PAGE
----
Egypt has initiated a proposal in the World Trade Organisation (WTO) to ban export restrictions on farm products to poor countries that are net food importers. The Group of 20 has also exhorted the upcoming WTO ministerial conference to adopt a specific resolution on export restrictions.
In the Arab world, most trade unions are affiliated to governments, but independent labour organisations are starting to emerge.
Some of the decisions taken on trade in the Istanbul Plan of Action are likely to disadvantage poor countries while others are so vague as to be meaningless, says Abdoulaye Sanoko, counsellor at the mission of Mali to the World Trade Organisation (WTO) in Geneva.
The World Health Assembly could adopt landmark resolutions asking governments to improve water and sanitation to eradicate cholera and guinea worm, the latter of which exists in just four countries in Africa. While safe drinking water and toilets are the most cost-effective public health measures, they have not been a priority for most developing countries.
Long-term investors like pension funds are probably the reason why the prices of commodities, including crops, have been driven to a higher level than in 2008 when food riots erupted in 30 countries, according to the British nongovernmental organisation Christian Aid.
While foreign direct investment in least developed countries (LDCs) in Africa has risen sharply over the past decade, most of it went to resource-rich economies and had little impact on employment creation.
The special session on Syria held by the United Nations Human Rights Council Friday agreed on neither an international mission of enquiry, as originally foreseen, nor a lower level fact-finding mission - only a mission by the Office of the High Commissioner for Human Rights.
The fifth conference of the 173 parties to the Stockholm Convention on Persistent Organic Pollutants, Apr. 25-29, could bring to 22 the total number of internationally agreed forbidden pollutants. Alternatives to DDT - one of the persistent organic pollutants (POPs) used in the fight against malaria - are gaining popularity, but its complete ban is not on the agenda.
"It would be bad news for poor countries in Africa if the Doha Round of trade talks fails. This round was meant to rebalance the rules of world trade in favour of developing countries. We have put a lot of resources and hopes into this process and a collapse would be a big betrayal for us."
The international commission of inquiry established by the U.N. Human Rights Council to investigate alleged violations of human rights in Libya will start its mission next week, and report on all crimes, committed by anyone, including foreign powers.
"IBSA what?" is the question you most often get in Geneva when enquiring about the India-Brazil-South Africa (IBSA) dialogue forum, established in 2003 between these three multicultural democracies and emerging markets "to contribute to the construction of a new international architecture".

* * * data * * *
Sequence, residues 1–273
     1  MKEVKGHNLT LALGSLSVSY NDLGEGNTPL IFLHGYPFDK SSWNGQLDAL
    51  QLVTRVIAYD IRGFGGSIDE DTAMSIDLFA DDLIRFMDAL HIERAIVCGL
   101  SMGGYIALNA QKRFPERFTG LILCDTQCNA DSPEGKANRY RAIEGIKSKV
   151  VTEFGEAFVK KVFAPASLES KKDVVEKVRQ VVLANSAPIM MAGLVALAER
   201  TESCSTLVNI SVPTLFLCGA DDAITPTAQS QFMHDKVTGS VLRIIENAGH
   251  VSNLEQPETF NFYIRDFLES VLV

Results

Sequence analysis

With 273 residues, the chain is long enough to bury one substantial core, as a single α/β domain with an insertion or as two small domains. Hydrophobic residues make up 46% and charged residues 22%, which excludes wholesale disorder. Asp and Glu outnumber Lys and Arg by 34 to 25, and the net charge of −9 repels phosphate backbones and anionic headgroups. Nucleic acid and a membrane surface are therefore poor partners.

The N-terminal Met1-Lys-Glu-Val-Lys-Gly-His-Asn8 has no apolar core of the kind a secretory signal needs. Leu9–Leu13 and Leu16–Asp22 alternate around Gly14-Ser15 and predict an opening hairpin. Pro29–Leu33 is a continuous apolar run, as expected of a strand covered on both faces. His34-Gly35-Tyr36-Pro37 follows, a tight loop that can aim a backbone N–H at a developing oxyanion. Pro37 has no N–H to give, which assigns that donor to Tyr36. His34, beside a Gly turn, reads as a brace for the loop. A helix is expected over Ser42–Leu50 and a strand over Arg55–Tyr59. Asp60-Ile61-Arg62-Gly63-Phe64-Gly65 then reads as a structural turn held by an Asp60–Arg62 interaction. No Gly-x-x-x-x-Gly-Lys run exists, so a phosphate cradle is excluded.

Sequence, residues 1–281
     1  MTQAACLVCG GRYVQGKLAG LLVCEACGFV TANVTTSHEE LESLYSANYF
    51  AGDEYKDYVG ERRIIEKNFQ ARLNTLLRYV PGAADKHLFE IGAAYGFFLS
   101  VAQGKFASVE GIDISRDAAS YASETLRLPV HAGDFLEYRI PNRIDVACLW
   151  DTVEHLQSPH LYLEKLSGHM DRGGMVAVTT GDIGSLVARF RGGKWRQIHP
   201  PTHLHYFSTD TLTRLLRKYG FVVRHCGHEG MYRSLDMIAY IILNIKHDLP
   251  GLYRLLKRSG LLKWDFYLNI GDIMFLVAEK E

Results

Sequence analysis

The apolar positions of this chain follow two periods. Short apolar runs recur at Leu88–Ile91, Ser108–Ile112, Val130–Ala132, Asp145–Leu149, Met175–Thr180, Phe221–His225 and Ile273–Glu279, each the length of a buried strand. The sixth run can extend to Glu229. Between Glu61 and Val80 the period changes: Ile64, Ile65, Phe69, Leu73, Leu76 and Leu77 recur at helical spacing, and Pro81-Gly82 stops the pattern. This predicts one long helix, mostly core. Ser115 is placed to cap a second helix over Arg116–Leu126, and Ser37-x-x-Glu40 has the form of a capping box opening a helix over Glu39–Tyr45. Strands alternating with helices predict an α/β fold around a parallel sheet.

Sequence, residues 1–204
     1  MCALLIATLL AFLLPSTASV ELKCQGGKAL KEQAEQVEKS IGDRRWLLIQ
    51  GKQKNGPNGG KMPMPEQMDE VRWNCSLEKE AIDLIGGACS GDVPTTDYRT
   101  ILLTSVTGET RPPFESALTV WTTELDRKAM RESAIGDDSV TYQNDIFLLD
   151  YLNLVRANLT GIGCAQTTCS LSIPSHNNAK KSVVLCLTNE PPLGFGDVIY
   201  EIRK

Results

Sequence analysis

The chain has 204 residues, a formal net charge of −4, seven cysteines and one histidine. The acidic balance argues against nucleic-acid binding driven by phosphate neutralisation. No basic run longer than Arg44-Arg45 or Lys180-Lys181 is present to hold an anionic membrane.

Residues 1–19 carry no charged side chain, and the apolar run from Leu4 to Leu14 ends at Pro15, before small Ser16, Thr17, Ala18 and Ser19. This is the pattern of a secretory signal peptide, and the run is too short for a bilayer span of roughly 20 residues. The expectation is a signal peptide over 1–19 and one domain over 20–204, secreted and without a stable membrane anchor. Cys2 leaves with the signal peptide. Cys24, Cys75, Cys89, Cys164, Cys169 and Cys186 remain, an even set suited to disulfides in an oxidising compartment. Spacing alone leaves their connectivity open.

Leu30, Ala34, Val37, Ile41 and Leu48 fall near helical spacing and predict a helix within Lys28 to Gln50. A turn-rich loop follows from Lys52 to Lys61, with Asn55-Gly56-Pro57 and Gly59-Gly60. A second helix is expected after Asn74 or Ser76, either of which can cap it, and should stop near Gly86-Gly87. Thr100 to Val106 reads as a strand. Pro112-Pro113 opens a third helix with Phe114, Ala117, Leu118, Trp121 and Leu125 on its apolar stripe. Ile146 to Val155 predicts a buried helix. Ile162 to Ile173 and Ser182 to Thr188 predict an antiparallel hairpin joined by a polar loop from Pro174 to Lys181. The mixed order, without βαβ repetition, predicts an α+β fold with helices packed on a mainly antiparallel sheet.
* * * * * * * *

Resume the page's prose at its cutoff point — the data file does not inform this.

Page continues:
An independent U.N. body has criticised the Global Compact, the largest initiative for corporate social responsibility, for not sufficiently monitoring the human rights and environmental commitments of participating companies.
Part of the delay in the finalisation of the economic partnership agreements (EPAs) is due to the so-called non-execution clause that gives the EU the power to take steps against its African, Caribbean and Pacific (ACP) trading partners if they violate human rights, democracy and good governance principles.
Investing in adding value to raw materials is crucial for the development of the African continent.
Local and foreign investment on the African continent is slowly moving away from agriculture and raw materials to manufacturing, services, communication and tourism, despite poor infrastructure and low skills levels.
In an unusual move, West and Central African civil society organisations have participated in the negotiations between their countries and the European Union on the economic partnership agreements (EPAs). The organisations stress developmental concerns while assisting under-resourced African governments with trade expertise.
Senegalese fishers participating in the 2011 World Social Forum (WSF) warned governments to "wake up to the ethical and transparent regulation of access to fisheries" to halt the overexploitation of this increasingly scarce resource.
It is only the second time that the World Social Forum (WSF) takes place in Africa, the first one having been held in Nairobi, Kenya, in 2007. Since the start of the WSF in Porto Alegre, Brazil, 10 years ago, the organisers have been building African participation.
To allow least developed countries (LDCs) to protect nascent industries, they are not required to cut tariffs for industrial goods and fisheries in the Doha Development Round. However, tariffs cuts will affect them if they are members of customs unions where some of their neighbours are larger developing countries without LDC status.
Least developed countries (LDCs) in Africa did not use the commodity export boom of the mid-2000s to diversify their economies from commodity dependence to manufacturing value-added products. Significantly, the agricultural sector has also not benefited, with the result that LDC reliance on imported food has become even worse.
The United States’ policy to double agricultural exports shows that its government "has learnt nothing" from the last food crisis, a problem reflected in the dramatic increase in that country’s trade-distorting farm subsidies between 2007 and 2008.